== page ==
Leora Horn, MD, on Small Cell Lung Cancer and Immuno-oncology: Have We Finally Solved the Small Cell Paradox?
2019 Multidisciplinary Thoracic Cancers Symposium
Leora Horn, MD, of Vanderbilt University Medical Center, discusses the progress made treating extensive-stage small cell lung cancer, improvements in progression-free and overall survival, and the fact that it’s still difficult to determine which patients will benefit most from immunotherapy.
Aaron S. Mansfield, MD, of the Mayo Clinic, summarizes a session he moderated on rare thoracic cancers such as mesothelioma and thymic epithelial tumors, as well as novel imaging and treatments in neuroendocrine tumors.
Ruqin Chen, MB, of the Mayo Clinic Florida, discusses early study findings that show molecular profiling with NF1, CD79a, and AKT3 could potentially improve prediction of progression-free survival in patients with lung cancer who are receiving immunotherapy.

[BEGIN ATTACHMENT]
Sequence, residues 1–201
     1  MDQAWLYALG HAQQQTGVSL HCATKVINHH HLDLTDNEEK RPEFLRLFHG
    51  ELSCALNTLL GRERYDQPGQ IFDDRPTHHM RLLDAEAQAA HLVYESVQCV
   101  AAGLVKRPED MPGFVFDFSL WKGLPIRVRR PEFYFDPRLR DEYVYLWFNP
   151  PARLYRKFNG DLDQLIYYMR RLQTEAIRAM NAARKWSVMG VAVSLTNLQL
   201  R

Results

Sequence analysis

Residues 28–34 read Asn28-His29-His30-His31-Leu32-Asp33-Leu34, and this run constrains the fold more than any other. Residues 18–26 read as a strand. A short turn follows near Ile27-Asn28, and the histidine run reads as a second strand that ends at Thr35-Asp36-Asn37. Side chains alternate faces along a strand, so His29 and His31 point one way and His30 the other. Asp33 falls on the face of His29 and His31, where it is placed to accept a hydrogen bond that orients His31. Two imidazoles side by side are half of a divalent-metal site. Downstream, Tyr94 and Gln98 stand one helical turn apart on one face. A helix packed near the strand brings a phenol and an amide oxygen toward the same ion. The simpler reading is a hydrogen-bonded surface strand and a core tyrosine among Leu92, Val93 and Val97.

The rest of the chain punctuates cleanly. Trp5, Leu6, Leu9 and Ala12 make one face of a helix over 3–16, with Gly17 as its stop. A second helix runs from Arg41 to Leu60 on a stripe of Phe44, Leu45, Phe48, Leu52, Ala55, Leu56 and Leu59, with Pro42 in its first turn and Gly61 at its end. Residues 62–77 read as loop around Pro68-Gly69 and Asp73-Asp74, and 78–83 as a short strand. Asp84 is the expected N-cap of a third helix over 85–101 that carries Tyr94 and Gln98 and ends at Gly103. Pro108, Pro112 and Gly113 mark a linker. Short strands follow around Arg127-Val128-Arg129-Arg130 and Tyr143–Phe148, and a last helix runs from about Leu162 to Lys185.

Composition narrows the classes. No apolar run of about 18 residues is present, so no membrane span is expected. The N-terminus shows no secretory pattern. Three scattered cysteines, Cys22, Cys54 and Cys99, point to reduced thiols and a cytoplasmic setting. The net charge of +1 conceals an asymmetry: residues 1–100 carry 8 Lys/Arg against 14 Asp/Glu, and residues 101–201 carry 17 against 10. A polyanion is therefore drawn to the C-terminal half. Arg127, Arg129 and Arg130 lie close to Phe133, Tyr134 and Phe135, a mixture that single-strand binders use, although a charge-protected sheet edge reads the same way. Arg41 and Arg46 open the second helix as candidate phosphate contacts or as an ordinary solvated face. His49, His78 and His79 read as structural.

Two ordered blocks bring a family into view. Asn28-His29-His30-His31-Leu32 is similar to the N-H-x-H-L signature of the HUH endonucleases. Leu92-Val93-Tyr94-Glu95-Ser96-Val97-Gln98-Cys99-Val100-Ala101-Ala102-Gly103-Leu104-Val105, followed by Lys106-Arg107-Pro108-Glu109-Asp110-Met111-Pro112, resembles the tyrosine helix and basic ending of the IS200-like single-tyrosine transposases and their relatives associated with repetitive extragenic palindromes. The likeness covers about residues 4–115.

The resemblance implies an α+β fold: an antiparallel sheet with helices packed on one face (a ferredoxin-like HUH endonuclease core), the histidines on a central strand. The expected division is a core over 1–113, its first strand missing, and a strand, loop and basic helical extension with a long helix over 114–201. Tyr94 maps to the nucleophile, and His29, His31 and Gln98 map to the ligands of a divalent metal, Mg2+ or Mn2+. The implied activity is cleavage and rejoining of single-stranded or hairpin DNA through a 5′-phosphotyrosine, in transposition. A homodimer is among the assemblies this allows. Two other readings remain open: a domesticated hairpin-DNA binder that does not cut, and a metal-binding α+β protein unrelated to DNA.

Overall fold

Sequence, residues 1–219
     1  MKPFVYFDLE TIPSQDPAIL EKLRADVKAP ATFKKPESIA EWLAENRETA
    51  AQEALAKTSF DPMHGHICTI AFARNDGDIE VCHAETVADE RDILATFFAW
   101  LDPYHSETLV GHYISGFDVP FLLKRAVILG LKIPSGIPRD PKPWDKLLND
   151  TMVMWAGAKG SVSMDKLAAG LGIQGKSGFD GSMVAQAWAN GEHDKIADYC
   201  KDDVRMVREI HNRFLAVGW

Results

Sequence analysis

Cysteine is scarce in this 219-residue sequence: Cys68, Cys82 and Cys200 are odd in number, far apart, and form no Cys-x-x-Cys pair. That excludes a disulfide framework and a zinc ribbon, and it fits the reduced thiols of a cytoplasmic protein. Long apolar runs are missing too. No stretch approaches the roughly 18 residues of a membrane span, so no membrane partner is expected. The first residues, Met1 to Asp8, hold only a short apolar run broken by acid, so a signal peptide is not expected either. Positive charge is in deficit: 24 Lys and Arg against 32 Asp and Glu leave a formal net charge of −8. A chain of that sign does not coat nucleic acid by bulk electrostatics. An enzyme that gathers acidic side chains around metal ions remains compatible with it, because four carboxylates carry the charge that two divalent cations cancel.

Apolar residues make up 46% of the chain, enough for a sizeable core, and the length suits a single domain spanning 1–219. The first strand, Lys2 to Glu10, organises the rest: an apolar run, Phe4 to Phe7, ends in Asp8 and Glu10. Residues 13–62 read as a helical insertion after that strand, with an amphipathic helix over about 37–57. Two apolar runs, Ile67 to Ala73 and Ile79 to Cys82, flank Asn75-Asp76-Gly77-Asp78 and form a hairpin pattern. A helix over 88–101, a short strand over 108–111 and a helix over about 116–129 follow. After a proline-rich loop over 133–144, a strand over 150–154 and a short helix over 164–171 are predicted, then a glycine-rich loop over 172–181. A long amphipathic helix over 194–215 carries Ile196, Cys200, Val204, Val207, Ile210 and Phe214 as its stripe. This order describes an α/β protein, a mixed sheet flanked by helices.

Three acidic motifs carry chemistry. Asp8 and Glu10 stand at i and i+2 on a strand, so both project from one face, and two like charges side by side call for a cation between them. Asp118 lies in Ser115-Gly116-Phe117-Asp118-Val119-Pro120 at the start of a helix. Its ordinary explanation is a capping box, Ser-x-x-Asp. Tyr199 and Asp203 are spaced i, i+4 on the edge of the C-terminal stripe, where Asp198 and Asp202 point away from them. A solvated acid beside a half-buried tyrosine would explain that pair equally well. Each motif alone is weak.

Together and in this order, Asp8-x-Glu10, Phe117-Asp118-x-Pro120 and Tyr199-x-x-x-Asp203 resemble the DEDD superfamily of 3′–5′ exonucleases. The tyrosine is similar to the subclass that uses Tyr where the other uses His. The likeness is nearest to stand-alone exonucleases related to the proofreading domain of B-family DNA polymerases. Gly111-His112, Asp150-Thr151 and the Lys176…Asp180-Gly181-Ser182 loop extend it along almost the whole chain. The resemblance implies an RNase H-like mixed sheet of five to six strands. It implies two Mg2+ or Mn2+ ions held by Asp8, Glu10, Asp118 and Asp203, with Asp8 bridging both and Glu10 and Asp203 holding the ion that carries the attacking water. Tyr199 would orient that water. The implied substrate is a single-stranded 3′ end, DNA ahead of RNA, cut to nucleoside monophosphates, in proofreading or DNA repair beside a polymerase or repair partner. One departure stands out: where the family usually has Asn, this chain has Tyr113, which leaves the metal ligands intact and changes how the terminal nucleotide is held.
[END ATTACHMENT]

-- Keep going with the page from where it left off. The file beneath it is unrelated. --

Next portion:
Jing Zeng, MD, of the University of Washington, discusses upstaging disease from stage III to stage IV, which can occur with repeat PET and/or CT scans for patients with locally advanced NSCLC, and the need for clinicians to stage disease properly to ensure appropriate treatment.
Shraddha M. Dalwadi, MD, MBA, of Baylor College of Medicine, discusses the nearly 12% of potentially curable patients with stage I NSCLC who do not receive treatment, the various socioeconomic reasons why, and how some patients may benefit from minimally invasive therapies (Abstract 127).
Heather A. Wakelee, MD, of Stanford University, discusses the most recent FDA-approved tyrosine kinase inhibitors that target EGFR and ALK mutations, how these agents fit into the treatment landscape, and the rapidly evolving field of TKI resistance.